Radek Brousil & Peter Puklus / Stupid

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Fait Gallery MEM

Ve Vaňkovce 2, Brno
Vernissage: 21.2.2018 at 7 pm
Curator: Jan Zálešák

“It’s a man’s world,” James Brown sang fifty years ago, a world of strong men who give and take, and to which the ultimate sense is only given by a woman’s love. I realise that I inadvertently experienced the slow decline of this world as a boy and later as a teenager when watching TV series with David Hasselhoff. Detective Michael Knight, the hero of the Knight Rider series, became Mitch Buchannon, a Baywatch lifeguard chief, self-confident on the beach but a failure at home. The truth is that the images of the crisis of the western man flashing between the slow-motion takes of luscious female lifeguards seemed as unreal to me in the post-socialist universe of the 1990s as KITT the talking car.

When discussing the exhibition with Peter Puklus and Radek Brousil, we didn’t talk about these TV series. However, I’m sure they had watched them as well, at least occasionally, and found in them the prefigurations of manhood that they were later forced to reassess and throw away, along with many other men who no longer feel part of the “man’s world”. I want to believe that this world is steadily declining, yet its images, perpetuated on and on, still dominate the imagination of most people. With this exhibition centred around counter-hegemonic images of manhood Brousil and Puklus enter an imaginary battlefield. Raising questions about the nature of the modern man, which is the leitmotiv of the show, is general on the one hand, while on the other it is anchored in the personal experience of the artists.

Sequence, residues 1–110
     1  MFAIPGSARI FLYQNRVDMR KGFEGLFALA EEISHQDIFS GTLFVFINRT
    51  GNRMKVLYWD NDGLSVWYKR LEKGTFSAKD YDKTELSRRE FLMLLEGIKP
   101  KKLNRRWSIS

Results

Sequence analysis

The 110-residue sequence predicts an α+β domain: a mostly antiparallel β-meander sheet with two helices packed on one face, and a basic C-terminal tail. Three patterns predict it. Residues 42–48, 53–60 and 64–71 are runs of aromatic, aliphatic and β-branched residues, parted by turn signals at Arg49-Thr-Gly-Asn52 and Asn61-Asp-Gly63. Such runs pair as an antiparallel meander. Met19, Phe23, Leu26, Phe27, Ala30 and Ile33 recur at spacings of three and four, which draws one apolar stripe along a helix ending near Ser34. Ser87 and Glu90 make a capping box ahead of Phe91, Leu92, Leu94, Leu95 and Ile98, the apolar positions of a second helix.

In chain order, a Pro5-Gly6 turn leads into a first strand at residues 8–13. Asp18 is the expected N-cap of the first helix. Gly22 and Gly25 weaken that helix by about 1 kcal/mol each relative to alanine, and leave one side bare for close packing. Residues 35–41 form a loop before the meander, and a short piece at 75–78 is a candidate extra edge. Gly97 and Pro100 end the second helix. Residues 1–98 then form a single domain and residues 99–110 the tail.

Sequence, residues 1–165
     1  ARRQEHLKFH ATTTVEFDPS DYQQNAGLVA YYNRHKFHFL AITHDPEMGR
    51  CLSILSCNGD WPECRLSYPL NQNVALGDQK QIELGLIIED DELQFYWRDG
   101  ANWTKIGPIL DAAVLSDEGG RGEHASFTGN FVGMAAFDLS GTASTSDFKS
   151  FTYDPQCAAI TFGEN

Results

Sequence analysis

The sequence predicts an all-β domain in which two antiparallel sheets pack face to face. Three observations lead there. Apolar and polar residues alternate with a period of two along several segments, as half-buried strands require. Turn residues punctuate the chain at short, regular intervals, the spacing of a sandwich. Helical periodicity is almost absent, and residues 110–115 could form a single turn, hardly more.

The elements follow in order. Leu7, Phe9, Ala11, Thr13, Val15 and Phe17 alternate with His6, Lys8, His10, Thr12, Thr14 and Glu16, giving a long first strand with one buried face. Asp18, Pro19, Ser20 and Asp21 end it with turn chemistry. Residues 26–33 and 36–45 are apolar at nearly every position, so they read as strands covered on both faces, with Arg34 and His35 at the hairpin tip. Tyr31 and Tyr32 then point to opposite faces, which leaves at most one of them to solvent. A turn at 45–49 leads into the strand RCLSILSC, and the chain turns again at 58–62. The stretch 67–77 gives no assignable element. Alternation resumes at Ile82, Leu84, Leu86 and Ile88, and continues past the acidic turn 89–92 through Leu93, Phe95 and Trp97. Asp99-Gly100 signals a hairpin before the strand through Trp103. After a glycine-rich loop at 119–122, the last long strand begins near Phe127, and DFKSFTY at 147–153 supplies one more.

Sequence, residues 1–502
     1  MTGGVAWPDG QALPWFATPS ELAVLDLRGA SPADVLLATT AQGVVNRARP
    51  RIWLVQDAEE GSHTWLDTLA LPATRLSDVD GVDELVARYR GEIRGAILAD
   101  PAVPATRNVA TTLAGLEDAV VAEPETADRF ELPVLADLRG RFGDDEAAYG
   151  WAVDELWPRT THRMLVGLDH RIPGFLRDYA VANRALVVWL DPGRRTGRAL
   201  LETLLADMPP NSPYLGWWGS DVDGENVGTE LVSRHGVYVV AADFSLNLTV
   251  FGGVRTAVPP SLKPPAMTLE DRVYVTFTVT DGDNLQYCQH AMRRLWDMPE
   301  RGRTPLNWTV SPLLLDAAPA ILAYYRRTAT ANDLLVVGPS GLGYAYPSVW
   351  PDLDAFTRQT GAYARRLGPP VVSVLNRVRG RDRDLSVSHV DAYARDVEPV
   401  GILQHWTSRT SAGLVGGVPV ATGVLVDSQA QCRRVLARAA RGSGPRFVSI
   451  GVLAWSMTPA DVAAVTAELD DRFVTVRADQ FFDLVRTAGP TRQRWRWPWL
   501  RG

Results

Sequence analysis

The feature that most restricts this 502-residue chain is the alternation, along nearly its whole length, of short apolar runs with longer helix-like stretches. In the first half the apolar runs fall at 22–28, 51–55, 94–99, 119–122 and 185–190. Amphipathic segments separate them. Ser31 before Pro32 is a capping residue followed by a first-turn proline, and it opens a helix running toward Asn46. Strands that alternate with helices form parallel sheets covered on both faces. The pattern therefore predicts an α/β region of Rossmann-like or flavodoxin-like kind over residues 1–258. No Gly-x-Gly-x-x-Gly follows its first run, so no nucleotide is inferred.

They were both born in 1980, and their work is rooted in the photographic medium, without being bound by conventions of what a photograph is and what it should look like. They learnt about each other through an artists’ residence centre in Banská Štiavnica, and a certain fascination with the similarity of their work – which at some moments had an air of them being each other’s creative double – has culminated in a joint exhibition in the Mem gallery. This, however, also brought to light distinct differences between the artists: while Radek Brousil seeks the most up-to-date language for his works, Péter Puklus has long focused on the fine-tuning of his own idiolect.

The exhibition entitled briefly Stupid can be viewed as a double introspection developed in a dialogue. Specific experience and attitudes, particular concerns, uncertainties and desires are transformed into symbolic contents that are more universal and leave space for an empathetic identification. In a divided world in which listening to others seems more difficult than flying to the Moon, the understanding born of empathy appears to be the highest purpose of art.